4. Ensure that you fully understand the project subject matter and business objectives.
  5. Know the roles involved; The UX Designer brings the voice of the user into their designs, the BA aims to bridge any gaps between the user, business and design team to support the new experience and the Developer builds the final artefact that the user interacts with.
  6. Your analysis work will also inform the selection of the most appropriate wording, images and information for the designs. On a digital project, if you are working alongside a UX Designer, let your analysis be led by them. It’s more efficient to provide analysis when you understand their vision.  

When I started my first real UX design journey I was armed with years of BA experience and was very eager to learn about this new world and how it was likely to collide with my own. I was relieved to find that I can clearly see the value of UX design and that BAs absolutely have a place in this world.

I personally have a new-found awareness and respect for the function and a strong desire to support all such efforts to bring about successful digital transformation.   

Author: Lisa Hudson, Head of Business Analysis, 6point6

Lisa Hudson is a UK based IT professional with 16 years experience in IT across the Technology, Finance and Education sectors. Lisa is a firm advocate for Business Analysis and continually strives to demonstrate the value of the BA role. Lisa is the Head of Business Analysis at 6point6.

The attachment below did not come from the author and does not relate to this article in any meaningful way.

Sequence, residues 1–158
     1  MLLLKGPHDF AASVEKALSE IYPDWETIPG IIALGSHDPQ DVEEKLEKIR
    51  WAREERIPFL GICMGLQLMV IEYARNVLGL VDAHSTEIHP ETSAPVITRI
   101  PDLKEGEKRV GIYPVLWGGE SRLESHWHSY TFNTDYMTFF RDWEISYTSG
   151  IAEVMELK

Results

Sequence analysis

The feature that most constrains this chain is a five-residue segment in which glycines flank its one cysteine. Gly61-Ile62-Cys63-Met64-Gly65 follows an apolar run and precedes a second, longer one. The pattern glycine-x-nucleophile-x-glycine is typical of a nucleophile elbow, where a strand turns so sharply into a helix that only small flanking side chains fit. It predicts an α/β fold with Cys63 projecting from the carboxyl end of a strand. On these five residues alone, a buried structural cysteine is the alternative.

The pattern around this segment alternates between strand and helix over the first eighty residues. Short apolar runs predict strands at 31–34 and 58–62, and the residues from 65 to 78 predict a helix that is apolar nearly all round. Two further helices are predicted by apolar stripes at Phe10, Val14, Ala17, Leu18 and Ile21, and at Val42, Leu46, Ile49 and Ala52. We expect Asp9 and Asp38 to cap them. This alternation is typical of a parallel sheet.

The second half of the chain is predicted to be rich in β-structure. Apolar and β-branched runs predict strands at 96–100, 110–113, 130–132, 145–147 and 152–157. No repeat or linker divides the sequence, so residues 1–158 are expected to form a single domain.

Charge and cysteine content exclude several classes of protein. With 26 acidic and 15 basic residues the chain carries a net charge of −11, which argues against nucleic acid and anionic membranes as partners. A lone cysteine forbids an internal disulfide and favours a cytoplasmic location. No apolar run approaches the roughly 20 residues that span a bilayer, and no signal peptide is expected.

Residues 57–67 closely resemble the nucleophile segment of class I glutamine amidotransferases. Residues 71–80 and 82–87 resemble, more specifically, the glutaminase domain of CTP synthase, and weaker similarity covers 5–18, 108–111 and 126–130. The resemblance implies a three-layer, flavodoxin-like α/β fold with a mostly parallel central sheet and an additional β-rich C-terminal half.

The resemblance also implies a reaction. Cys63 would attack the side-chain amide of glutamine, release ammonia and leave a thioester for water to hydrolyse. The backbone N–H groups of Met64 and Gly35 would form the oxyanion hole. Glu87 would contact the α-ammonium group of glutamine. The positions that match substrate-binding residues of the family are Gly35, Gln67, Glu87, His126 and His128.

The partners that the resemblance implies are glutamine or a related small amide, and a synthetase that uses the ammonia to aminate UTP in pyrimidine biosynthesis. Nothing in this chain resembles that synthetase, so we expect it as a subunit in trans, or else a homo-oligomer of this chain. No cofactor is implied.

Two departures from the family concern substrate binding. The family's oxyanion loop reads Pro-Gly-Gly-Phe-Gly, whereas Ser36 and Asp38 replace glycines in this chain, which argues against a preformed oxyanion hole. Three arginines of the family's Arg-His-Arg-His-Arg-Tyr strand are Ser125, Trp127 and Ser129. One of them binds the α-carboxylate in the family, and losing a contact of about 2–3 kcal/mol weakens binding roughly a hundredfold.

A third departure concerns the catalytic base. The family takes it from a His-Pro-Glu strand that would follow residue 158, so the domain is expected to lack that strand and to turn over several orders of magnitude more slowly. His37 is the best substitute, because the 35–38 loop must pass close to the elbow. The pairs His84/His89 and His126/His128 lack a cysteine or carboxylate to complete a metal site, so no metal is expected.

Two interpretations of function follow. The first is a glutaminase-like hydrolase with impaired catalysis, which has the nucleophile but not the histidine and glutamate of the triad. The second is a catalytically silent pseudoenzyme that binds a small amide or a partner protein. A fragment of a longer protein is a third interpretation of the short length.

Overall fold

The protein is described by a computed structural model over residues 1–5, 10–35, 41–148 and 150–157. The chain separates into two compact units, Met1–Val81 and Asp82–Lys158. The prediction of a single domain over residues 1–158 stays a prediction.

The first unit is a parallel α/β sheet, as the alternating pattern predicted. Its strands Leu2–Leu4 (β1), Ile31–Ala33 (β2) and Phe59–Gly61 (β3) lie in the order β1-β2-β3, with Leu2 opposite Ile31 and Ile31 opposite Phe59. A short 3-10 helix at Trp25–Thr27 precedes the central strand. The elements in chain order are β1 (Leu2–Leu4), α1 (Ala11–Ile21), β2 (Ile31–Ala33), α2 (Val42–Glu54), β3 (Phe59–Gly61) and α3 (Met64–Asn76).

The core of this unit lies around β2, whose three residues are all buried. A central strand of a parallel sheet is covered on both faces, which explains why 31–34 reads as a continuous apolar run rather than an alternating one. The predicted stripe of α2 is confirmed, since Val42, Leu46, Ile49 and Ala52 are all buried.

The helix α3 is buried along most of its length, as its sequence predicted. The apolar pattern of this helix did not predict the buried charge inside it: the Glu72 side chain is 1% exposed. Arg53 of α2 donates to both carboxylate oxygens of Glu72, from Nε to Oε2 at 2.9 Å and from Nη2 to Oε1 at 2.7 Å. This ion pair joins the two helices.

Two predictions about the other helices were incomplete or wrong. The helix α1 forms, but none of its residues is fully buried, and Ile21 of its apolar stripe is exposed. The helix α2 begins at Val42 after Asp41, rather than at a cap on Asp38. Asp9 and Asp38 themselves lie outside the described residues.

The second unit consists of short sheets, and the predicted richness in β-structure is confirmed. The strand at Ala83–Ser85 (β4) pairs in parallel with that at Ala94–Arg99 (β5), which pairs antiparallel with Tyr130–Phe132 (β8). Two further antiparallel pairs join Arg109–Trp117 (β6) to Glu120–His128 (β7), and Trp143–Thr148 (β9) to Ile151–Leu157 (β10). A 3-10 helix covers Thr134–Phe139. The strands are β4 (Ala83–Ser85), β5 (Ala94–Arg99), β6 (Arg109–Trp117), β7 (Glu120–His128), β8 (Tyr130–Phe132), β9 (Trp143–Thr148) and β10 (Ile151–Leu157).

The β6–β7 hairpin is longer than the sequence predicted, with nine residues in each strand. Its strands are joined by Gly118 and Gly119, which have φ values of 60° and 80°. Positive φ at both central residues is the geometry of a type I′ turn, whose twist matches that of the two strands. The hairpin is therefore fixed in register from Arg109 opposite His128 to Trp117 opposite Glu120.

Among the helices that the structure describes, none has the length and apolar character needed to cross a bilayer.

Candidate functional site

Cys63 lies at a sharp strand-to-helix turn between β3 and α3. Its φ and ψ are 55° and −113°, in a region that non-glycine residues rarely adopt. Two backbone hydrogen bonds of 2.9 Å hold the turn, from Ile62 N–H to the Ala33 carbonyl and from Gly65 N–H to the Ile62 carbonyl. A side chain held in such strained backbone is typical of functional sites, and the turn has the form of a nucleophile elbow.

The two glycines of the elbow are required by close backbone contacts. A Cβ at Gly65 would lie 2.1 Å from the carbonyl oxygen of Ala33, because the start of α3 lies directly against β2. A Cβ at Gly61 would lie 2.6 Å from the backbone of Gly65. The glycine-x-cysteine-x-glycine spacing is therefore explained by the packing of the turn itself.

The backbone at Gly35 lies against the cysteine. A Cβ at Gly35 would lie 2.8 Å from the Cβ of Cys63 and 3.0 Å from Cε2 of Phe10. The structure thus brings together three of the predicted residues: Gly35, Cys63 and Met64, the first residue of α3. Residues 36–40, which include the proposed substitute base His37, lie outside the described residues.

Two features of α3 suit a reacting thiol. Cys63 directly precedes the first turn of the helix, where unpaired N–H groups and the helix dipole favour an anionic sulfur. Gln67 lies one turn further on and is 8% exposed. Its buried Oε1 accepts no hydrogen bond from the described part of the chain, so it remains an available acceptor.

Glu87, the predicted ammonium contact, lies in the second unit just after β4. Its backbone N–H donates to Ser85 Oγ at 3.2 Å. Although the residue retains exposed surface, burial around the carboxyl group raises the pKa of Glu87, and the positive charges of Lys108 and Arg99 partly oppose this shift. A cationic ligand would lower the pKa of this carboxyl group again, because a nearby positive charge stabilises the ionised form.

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LDO posted on Tuesday, August 20, 2019 4:50 AM
Hi Lisa

I was always taught to cover UX in the non- functional requirements; Ease of Use and Usability, which is pretty broad brush. I think the BA has a definitive place in UX by providing such requirements, which might be more than written statements and include mockups, wireframes and prototypes. Its as much about navigation of a work experience as it is about how things look and where they are positioned. Often I see the design phase completed as part of software development and this very much constrained by what the software is being developed in and how that interface looks.